1. Take a basic course in philosophy.
Take a basic course in philosophy, but take it during a semester when you can dedicate a great deal of time to the subject. Many people are misinformed about studying philosophy—they think it’s about asking enormous questions that have no real use for everyday life. Nothing could be farther from the truth. Studying philosophy is about learning how to think. (But I know how to do that already! Do you really?) Philosophy teaches how to approach a problem in the most efficient way. It teaches how to order one’s thoughts, how to pursue a problem to make sure all factors have been considered, how to select the most appropriate answer, and how to check said answer for mistakes. Studying philosophy will benefit every area of study because every subject requires advanced thought. It also helps learn how to read dense, long texts without losing focus. I do not know how I was able to think efficiently before I studied philosophy, and this is the most important piece of advice that I give all of my students. If you are unable to take a basic course in philosophy, then at least read Sophie’s World.
2. Read the footnotes.
Also, read the captions. This is where authors put all the tiny bits of information that are of lesser importance, so they could disrupt the flow of the full text, but for students, this information is vital. When reading literature, the footnotes contain all of the cultural details for making sense of the text. In sciences, captions are a quick reference for information. I’ve had professors who make sure to put footnote/caption information on the quizzes to train us to read them. It adds more time to the homework, but footnotes are there for a reason.
3. Take the early classes.
College students are stereotyped as lazy and as refusing to wake before noon. This stereotype has much truth to it. However, taking the early classes will train you to order your life. Arriving to an early class fully prepared takes discipline, so maintaining such a schedule is good training. Once morning classes are completed, the rest of the day remains for doing homework and engaging in recreation. Most of my friends who swore to rise early and complete homework before class rarely did so. Taking the early classes will also prepare you for when you have finished your degree and must begin rising early for your job.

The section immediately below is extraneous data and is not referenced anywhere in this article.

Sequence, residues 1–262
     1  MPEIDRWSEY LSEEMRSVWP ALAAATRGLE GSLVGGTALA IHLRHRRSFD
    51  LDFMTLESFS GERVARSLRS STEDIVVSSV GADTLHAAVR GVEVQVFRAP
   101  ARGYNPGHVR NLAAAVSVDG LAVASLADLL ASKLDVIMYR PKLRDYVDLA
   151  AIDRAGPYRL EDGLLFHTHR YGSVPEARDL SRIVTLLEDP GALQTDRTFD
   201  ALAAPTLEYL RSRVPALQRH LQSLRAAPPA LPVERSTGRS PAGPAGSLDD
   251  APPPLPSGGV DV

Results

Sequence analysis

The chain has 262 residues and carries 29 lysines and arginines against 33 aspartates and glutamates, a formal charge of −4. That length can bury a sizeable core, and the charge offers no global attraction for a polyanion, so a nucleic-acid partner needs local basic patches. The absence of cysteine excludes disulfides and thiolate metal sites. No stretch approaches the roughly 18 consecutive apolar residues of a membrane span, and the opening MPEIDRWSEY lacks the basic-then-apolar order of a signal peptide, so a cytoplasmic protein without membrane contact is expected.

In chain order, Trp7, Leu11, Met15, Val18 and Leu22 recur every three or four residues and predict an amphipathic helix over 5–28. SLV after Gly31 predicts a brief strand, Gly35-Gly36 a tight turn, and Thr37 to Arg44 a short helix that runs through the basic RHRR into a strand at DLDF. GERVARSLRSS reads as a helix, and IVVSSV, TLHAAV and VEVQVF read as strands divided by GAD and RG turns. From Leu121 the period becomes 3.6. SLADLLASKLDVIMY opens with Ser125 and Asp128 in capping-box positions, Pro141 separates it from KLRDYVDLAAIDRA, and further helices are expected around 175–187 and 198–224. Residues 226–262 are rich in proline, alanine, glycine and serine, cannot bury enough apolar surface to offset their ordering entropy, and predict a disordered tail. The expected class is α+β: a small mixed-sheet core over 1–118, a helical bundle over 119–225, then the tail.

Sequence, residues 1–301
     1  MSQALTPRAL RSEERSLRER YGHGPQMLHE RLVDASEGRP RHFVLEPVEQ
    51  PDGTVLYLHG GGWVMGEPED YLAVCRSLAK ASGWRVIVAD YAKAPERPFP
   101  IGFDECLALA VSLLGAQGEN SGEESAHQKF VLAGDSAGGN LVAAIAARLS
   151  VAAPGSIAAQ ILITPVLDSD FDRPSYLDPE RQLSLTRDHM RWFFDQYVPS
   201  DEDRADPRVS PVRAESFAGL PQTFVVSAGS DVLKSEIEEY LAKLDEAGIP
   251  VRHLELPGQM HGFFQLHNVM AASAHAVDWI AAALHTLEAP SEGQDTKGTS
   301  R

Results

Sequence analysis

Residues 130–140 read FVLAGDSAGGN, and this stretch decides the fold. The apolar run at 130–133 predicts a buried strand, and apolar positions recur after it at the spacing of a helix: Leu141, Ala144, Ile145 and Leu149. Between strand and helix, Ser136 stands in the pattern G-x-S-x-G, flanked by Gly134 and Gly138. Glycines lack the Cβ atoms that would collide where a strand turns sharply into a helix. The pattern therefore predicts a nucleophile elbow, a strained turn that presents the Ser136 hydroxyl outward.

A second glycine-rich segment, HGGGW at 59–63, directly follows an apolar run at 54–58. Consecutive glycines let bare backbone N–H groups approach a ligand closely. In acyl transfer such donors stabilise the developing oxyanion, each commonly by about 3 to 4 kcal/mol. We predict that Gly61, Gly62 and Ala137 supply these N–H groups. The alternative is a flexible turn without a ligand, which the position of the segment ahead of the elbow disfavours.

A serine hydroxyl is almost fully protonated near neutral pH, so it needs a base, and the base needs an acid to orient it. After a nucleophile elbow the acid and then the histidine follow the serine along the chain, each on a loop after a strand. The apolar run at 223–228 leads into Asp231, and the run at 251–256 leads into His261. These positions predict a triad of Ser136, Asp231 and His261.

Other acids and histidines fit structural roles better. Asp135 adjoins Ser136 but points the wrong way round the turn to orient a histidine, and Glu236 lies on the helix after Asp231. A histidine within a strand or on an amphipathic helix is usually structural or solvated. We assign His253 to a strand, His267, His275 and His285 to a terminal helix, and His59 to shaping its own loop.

4. Buy the bilingual edition.
When offered a choice between a work in translation and a facing-page bilingual edition, I always choose the bilingual, even if I don’t read the language. When studying literature and history, having access to the original is vital. Since bilingual editions usually have numbered lines, it provides the reader with an efficient way to compare lines and look up words for translation even if he is not familiar with the original language. A glossed text is usually superior to a bilingual edition, but unless one is working with Middle English, a bilingual edition will be the most advantageous. Try to find these even if the class doesn’t require it.
5. Purchase mirrored sunglasses and headphones.
The quad can be an obnoxious place. A stroll through on the way to class results in dozens of people trying to get you to join/buy/sign something. If you wear mirrored sunglasses and headphones, most people leave you alone because they assume you can’t hear them and they cannot make eye contact for your attention. Since you cannot make eye contact and cannot be heard, nobody will perceive you as rude because you are blatantly ignoring their advances. Since quads are always outdoors and headphones are commonplace among college students, neither item will be remarkable. The headphones don’t have to be plugged into anything—as long as they were in my ears, I was always safely ignored. Those living in rainy climates may have a harder time getting away with the sunglasses, but I still recommend them. Even if it’s dark out, you’ll just look extra-cool, right?